Genomic analysis performed in samples obtained from the patients enroled in the SOFT study highlight the genomic alterations in hormone receptor (HR)-positive, HER2-negative early breast cancers arising in premenopausal women, focusing on the women aged less than 40 years. The findings demonstrate key genomic features that are particularly enriched with younger age rather than menopausal status per se. Genomic features suggestive of homologous recombination deficiency (HRD), PIK3CA mutations with copy number amplifications, and copy number amplifications associated with significantly worse distant recurrence-free interval (DRFI) and overall survival (OS) compared with those without these features. The results are published by Prof. Sherene Loi of the Peter MacCallum Cancer Centre, University of Melbourne in Melbourne, Australia, and colleagues on 25 January 2023 in the Annals of Oncology. The investigators propose that prospective studies in young women with HR-positive, HER2-negative early breast cancer addressing these specific molecular pathways will be pivotal to improving their clinical outcomes.
Younger premenopausal women diagnosed with early breast cancer have a significantly higher risk of recurrence and death than older women for reasons that remain largely unexplained. This is particularly true for HR-positive, luminal breast cancers. The pivotal SOFT was a multicentre, open label, phase III study for premenopausal women diagnosed with HR-positive early breast cancer. The study demonstrated a significant improvement in disease-free survival and OS with the addition of ovarian function suppression to tamoxifen. Despite the addition of ovarian function suppression therapy, the prognosis of women aged less than 35 years remained significantly worse than older women.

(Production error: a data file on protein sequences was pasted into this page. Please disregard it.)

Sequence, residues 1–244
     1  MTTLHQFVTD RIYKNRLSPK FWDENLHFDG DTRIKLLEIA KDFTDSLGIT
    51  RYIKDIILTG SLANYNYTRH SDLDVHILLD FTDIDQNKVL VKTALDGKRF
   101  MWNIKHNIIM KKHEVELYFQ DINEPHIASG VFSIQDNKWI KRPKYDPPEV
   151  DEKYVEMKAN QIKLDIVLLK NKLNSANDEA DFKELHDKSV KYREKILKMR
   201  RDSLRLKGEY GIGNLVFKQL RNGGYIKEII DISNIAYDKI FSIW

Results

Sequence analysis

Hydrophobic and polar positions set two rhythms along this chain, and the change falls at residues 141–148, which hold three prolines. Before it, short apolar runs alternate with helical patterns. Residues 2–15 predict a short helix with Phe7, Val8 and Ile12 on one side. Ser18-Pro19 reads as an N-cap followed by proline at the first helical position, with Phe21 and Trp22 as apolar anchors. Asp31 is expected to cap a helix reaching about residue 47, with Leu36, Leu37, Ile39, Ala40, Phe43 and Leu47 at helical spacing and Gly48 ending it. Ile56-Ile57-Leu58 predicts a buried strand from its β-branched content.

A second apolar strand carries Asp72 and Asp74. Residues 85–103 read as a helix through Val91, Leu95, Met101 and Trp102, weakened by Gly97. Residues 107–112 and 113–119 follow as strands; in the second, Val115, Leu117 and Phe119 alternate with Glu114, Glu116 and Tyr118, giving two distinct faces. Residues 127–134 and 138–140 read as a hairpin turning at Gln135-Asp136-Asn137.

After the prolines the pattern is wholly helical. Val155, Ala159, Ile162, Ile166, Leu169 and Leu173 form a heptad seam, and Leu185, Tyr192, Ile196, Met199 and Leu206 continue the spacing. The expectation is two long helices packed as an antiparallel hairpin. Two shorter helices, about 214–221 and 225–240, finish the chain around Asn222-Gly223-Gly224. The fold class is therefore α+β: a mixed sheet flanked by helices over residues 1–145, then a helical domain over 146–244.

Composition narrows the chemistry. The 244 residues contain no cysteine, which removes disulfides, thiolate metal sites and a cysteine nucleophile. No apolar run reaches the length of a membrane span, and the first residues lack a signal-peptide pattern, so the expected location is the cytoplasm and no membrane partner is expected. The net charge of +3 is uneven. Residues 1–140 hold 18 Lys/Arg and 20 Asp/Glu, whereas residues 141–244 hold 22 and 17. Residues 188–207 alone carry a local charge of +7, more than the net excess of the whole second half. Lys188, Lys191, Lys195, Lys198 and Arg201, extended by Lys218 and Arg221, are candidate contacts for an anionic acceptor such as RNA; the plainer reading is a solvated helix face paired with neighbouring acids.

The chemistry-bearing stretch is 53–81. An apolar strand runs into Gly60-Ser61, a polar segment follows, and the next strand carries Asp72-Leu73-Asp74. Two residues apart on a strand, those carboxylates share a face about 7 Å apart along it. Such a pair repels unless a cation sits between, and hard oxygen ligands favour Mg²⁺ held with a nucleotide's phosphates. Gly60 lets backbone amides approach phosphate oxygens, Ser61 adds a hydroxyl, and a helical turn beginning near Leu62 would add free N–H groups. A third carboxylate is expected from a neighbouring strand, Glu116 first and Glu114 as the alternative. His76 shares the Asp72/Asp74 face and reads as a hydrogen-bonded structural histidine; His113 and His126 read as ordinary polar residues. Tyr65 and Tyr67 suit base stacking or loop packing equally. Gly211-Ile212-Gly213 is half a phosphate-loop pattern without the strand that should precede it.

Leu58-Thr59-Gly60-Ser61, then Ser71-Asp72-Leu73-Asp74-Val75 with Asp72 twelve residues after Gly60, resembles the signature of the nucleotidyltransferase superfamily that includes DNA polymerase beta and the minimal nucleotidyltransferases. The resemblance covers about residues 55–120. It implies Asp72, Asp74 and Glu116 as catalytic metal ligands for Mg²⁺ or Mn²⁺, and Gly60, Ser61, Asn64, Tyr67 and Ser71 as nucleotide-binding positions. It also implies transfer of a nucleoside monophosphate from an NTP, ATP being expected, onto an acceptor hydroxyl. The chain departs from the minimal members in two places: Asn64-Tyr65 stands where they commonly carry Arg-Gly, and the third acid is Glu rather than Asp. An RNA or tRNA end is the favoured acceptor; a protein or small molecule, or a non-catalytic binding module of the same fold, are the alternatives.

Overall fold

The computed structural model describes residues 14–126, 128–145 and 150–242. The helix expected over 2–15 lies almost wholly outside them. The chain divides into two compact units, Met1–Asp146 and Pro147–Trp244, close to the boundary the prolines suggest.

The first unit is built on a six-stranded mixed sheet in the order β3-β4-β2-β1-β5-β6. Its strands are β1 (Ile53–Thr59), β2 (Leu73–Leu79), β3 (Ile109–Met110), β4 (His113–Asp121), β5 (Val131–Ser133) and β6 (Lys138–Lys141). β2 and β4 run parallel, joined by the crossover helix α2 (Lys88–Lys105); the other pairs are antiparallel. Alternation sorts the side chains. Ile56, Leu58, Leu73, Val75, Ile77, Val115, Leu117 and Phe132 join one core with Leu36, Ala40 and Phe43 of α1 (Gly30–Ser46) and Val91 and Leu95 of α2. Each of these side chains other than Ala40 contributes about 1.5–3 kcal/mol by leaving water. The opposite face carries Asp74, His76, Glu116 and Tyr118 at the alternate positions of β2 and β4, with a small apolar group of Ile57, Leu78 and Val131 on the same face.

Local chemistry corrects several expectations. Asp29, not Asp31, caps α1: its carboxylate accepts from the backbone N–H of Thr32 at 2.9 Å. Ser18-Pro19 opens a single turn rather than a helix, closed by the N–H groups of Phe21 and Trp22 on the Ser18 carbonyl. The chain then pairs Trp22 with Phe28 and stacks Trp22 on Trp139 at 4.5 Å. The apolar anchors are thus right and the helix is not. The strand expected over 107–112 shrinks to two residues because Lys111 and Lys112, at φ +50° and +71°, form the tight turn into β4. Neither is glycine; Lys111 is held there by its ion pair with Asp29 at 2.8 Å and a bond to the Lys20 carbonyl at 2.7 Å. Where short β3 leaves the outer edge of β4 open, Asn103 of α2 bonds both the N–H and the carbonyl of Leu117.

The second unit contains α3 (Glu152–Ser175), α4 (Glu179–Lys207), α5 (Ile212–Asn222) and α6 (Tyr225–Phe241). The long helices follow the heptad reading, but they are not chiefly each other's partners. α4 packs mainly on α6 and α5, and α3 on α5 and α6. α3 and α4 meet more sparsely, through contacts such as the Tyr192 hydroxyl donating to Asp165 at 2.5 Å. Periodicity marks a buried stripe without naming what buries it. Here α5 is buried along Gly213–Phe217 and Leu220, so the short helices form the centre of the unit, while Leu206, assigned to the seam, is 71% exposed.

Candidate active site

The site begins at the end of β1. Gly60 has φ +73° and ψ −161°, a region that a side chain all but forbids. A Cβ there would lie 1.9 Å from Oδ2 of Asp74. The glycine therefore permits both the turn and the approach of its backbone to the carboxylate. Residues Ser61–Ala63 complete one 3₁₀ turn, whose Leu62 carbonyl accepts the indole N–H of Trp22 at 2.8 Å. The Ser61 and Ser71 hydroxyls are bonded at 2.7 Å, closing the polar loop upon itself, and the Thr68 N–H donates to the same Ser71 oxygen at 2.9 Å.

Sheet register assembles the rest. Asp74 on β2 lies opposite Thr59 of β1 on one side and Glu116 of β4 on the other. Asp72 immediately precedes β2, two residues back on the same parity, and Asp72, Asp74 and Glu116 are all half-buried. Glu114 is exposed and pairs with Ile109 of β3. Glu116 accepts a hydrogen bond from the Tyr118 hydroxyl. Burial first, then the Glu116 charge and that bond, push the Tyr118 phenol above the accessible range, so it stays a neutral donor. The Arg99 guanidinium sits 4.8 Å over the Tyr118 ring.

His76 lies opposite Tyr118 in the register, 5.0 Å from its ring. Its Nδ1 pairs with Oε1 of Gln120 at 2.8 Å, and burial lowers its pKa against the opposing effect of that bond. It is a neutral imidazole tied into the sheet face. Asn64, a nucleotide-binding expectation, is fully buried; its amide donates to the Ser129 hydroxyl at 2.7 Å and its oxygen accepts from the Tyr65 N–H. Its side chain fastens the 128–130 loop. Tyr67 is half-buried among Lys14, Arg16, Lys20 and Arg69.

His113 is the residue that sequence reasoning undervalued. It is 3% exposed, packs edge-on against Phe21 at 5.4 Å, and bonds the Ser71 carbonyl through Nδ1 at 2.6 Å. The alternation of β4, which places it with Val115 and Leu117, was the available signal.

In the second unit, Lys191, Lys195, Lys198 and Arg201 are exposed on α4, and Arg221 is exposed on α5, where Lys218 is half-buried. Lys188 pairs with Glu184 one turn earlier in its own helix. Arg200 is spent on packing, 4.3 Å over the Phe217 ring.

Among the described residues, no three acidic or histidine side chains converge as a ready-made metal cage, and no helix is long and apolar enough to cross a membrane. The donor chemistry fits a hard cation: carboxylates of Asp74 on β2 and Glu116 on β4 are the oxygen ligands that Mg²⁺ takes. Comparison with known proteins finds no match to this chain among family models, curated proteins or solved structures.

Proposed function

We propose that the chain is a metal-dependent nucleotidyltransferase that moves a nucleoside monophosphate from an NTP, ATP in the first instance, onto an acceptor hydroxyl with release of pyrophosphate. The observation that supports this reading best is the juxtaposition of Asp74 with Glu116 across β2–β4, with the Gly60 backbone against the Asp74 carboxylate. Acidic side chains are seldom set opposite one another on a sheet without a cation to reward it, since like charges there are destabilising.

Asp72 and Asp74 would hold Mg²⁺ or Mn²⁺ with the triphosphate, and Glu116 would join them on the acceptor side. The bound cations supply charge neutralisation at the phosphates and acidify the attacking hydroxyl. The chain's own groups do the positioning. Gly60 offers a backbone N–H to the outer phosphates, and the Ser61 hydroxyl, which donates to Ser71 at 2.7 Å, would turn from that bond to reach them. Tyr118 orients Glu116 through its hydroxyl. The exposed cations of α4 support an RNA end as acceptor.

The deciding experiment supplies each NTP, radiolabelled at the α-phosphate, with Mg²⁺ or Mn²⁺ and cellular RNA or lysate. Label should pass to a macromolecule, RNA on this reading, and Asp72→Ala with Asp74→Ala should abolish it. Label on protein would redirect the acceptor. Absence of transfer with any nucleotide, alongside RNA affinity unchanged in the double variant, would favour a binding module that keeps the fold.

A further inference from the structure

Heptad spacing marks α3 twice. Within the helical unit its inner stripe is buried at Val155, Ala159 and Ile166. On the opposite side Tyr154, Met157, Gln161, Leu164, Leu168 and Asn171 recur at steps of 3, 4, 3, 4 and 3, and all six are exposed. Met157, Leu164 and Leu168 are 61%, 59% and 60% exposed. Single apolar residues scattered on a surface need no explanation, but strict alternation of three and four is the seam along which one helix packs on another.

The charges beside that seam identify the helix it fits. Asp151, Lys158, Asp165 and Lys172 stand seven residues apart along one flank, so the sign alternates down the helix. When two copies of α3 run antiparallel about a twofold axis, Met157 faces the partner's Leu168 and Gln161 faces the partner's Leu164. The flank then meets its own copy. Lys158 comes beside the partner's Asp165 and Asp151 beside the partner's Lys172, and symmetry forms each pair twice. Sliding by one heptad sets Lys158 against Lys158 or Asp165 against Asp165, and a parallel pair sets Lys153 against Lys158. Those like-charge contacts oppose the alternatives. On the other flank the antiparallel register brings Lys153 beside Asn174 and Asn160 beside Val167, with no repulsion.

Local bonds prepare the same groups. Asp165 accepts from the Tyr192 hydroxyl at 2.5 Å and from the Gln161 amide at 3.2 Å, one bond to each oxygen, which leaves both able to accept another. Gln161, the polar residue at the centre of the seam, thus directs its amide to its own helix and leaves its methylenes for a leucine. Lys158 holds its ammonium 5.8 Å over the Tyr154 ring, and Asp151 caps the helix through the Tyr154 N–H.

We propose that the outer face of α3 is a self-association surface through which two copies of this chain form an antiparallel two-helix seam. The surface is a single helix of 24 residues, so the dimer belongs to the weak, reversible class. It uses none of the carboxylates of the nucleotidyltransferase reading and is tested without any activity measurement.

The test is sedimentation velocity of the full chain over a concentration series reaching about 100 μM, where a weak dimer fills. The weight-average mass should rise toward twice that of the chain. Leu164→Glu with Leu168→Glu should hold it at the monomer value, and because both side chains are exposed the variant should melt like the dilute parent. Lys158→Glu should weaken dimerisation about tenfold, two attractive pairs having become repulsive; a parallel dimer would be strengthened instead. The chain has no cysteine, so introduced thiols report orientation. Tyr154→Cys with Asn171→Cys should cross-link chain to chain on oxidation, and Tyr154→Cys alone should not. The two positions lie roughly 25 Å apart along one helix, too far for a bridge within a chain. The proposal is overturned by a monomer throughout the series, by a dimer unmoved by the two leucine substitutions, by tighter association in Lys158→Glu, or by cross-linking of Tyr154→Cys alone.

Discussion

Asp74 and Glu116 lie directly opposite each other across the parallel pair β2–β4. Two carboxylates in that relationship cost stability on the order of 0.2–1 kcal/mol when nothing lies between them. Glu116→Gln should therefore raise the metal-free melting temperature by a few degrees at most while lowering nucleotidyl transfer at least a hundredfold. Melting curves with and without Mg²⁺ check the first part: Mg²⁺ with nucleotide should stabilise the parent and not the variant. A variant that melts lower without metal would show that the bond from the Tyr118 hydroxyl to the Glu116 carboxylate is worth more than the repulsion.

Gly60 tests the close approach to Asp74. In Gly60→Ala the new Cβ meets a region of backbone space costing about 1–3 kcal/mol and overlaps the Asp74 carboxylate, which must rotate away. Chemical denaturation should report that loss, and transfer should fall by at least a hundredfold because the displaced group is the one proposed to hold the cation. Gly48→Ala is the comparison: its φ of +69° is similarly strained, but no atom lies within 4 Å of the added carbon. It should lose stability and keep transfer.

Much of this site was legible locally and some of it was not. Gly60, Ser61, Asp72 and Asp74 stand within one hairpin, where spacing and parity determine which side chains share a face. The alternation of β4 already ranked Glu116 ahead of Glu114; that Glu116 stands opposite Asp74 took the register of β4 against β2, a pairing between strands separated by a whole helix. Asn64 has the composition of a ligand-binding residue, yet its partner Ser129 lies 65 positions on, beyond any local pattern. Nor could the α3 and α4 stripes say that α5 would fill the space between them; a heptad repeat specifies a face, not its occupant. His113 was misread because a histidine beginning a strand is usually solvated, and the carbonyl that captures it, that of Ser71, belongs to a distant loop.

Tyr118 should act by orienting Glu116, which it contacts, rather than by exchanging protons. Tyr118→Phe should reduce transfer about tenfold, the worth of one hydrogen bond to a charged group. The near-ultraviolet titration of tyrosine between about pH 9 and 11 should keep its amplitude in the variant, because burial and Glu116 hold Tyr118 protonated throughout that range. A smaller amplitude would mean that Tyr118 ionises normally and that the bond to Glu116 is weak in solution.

The biology underlying the poor prognosis observed in very young women with HR-positive, HER2-negative breast cancer remains uncompletely understood. In a large, pooled analysis of 71 studies investigating gene expression assays, young women aged no more than 40 years had higher proportions of intermediate to high-risk tumours by EndoPredict, MammaPrint and Oncotype DX assay compared with older women, however this analysis was not stratified by breast cancer subtype.
This is also consistent with data demonstrating that young women with HR-positive breast cancers have higher proportions of luminal B tumours and lower proportions of luminal A tumours than older women. Analysis of The Cancer Genome Atlas (TCGA) Breast dataset using broader gene expression data showed increases in gene expression signatures indicating proliferation, stem cell features and endocrine resistance in young patients compared with older patients, however this analysis was also not stratified by breast cancer subtype.
There are limited numbers of HR-positive, HER2-negative breast cancer samples from young women represented in publicly available databases. Germline cancer predisposition alterations such as with BRCA1, BRCA2, and PALB2 occur in a higher frequency in young women, but this is observed to a greater degree in patients with triple negative breast cancer rather than HR-positive, HER2-negative breast cancers.